It’s time! You’ve done your needs assessment, determined what you need to outsource for your new training program to be a success, completed the request for proposal and due diligence stages, selected a supplier … and now you’re ready to negotiate.

For many, this is where the nerves set in. While anxiety around negotiation is normal, research has found that it can have a negative impact on negotiation. Here are some tips for dealing with anxiety and negotiating a great training contract.

1. Know Your Goals.

Overprepare for the negotiation. Know exactly what you need from the training supplier – are you looking for instructors? Content developers? A new LMS? Or are you outsourcing the entire training function? What types of content or modalities work best for your learners? Are you willing to compromise any of the items on your wish list for the sake of cost? What are your deal-breakers? What are some difficult questions the salesperson might ask, and how would you answer them? While you can’t predict everything that will come up during a negotiation, you can prepare for a lot – and the more prepared you are, the less anxious you’ll be.

2. Develop Your Emotional Intelligence.

Deborah Jeppesen, a research psychologist for Australia’s Department of Defense, says that a lack of emotional self-awareness is one of the major barriers to effective negotiation. Take the time to understand your anxiety, how you typically feel and behave during negotiations, how you respond to other people, and how other people respond to you. Learn how to “read” other people – what is the salesperson’s body language and tone of voice telling you, as well as the words he or she is saying? Knowing you have these skills will help you feel more confident going into a negotiation.

3. Use Mindfulness Techniques.

Mindfulness originated as a therapeutic tool for treating stress and anxiety and is now a buzzword in the corporate management and training realm. Despite its trendiness, it can be an effective way to cope with anxiety and negotiate more effectively. Instead of fighting your anxiety, accept that negotiation is something that makes you nervous, and then find ways to cope – for example, doing some deep breathing just before a negotiation can help calm your body and focus your mind on the task at hand.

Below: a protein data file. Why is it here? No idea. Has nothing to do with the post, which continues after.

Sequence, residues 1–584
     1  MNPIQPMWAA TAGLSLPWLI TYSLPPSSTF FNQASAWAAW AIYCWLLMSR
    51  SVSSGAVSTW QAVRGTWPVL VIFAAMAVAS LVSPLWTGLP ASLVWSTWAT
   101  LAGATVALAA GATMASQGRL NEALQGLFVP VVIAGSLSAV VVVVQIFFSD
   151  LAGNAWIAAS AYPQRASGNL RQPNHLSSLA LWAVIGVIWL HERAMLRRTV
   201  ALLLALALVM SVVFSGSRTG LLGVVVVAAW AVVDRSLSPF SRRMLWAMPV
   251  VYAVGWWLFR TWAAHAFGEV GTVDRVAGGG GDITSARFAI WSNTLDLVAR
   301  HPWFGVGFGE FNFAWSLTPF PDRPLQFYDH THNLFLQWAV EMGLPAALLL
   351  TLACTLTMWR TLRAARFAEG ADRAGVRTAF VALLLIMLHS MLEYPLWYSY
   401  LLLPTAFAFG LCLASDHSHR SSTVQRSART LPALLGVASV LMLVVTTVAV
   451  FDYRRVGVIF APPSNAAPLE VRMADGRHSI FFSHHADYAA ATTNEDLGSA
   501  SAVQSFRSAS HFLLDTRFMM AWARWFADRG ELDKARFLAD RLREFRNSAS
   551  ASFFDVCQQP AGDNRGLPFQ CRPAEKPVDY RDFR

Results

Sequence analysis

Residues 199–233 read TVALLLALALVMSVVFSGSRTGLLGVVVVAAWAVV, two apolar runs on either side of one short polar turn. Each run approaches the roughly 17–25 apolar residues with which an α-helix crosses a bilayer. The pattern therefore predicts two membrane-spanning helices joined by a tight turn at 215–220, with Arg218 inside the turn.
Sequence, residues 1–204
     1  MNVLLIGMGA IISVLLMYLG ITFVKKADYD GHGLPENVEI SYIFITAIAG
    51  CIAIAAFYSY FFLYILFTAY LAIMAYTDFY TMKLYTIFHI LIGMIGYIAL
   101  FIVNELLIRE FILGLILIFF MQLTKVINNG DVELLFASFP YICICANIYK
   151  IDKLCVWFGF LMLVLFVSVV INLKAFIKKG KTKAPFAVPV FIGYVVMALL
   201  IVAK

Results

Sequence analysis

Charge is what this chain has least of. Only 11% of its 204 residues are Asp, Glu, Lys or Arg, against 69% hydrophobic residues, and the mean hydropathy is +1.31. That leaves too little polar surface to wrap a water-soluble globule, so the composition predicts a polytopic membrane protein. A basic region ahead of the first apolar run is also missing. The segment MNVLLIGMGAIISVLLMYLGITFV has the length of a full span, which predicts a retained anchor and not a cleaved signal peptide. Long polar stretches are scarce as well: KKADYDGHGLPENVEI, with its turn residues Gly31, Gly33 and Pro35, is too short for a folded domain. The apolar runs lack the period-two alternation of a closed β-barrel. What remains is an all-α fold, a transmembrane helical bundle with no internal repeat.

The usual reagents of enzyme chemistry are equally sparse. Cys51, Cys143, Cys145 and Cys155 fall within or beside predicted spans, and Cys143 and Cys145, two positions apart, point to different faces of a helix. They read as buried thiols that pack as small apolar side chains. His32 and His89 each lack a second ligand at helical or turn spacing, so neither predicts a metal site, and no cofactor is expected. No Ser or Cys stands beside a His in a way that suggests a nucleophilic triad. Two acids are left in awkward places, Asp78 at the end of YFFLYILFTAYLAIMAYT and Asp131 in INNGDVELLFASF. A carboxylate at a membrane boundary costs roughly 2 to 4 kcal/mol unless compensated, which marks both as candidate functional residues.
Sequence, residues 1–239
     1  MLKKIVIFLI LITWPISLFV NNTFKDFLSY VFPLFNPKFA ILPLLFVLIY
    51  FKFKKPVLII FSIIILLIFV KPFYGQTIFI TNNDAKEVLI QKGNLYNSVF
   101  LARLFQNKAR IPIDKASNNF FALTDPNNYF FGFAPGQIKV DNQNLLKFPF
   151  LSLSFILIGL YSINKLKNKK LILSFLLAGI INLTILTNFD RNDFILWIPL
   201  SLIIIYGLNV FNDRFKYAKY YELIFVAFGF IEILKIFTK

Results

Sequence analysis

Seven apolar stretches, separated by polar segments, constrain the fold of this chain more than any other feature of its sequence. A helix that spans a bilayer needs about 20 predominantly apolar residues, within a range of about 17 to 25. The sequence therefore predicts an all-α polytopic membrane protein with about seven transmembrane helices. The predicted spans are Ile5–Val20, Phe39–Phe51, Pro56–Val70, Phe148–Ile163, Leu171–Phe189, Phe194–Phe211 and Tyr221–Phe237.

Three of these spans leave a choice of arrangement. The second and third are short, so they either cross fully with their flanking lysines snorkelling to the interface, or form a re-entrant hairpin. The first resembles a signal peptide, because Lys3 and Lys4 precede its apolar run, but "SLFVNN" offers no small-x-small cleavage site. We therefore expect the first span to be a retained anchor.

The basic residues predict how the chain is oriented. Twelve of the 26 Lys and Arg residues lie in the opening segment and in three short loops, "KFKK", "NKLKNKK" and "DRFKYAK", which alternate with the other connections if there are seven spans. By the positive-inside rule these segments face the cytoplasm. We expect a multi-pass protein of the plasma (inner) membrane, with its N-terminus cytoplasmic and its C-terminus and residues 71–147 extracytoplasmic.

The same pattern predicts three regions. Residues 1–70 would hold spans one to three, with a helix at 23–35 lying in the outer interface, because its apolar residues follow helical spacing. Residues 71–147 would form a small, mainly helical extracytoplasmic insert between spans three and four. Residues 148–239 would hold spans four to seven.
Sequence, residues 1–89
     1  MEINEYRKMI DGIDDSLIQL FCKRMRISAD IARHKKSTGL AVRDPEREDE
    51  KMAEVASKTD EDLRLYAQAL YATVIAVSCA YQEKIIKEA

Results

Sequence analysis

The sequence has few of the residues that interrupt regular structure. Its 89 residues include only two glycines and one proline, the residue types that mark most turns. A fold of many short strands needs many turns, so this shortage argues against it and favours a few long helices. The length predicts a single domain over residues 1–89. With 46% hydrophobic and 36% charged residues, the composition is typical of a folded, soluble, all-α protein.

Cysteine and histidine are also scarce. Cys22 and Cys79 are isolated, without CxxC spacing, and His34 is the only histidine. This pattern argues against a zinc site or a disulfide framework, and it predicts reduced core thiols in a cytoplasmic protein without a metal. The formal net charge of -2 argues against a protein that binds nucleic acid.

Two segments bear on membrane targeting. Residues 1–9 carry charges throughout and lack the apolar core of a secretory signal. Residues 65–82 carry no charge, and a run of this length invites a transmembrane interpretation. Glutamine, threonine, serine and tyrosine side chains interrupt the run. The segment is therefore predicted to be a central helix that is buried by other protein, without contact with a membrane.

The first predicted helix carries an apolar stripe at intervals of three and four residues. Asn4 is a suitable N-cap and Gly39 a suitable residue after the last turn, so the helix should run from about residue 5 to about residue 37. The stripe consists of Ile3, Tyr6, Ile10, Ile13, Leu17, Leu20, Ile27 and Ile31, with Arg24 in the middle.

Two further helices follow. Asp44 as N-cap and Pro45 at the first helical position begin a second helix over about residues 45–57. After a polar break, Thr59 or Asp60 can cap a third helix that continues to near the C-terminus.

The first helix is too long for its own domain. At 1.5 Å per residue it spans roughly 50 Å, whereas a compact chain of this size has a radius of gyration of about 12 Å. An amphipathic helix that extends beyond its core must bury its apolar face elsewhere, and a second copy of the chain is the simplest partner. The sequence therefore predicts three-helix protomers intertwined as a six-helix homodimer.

Mindfulness can also help you during a negotiation. Staying present will help you be more intentional in your communication and listen better to the other person. Taking moments during a negotiation to reassess your goals will help you realign what you say and how you listen. And staying clear in your intention will help you gain a broad perspective and find more win-win outcomes.

4. Practice, Practice, Practice.

Practice may not really make perfect – but it certainly helps! Take some classes in negotiation, and ask to sit in on negotiations led by another training manager, or even someone who works in procurement for another department of your organization. Practice negotiation in other parts of your life – after all, anytime you have to work with someone else to achieve a goal, negotiation is involved. Notice how you talk to your spouse about where to have dinner or to a friend about which movie you’ll see over the weekend. Did you have a successful outcome? Why or why not? Take lessons from your personal and professional lives, and apply them when negotiating a contract with a training supplier.

5. Learn How to Say “No.”

“No,” writes William L. Ury, co-founder of the Harvard Program on Negotiation and senior fellow of the Harvard Negotiation Project, “is perhaps the most important and certainly the most powerful word in the language. For many people, it is also the hardest to say.” Sometimes, though, you’ll have to say “no” to a vendor – even one with which you have an ongoing relationship that you want to continue.

How do you say “no” and maintain that relationship? First, be prepared to say it by knowing ahead of time the circumstances that would require you to say “no” – for instance, are there certain values you are unwilling to compromise? Ury says that in this case, “you are asserting your value” – and other people will respect that. Second, he says, have a plan B ready to offer. Finally, use those emotional intelligence skills to find a plan B or C that addresses both of your needs.

Being the person who negotiates a training contract can be a difficult and anxiety-provoking responsibility of a training manager. But with preparation, training and practice, you can manage negotiations and vendor relationships that result in wins for both your organization and for the training supplier.

Want to learn more? At the 2018 Training Industry Conference and Expo, Alison Fragale, Ph.D., of UNC-Chapel Hill will present a keynote on learning and teaching negotiation skills.

Share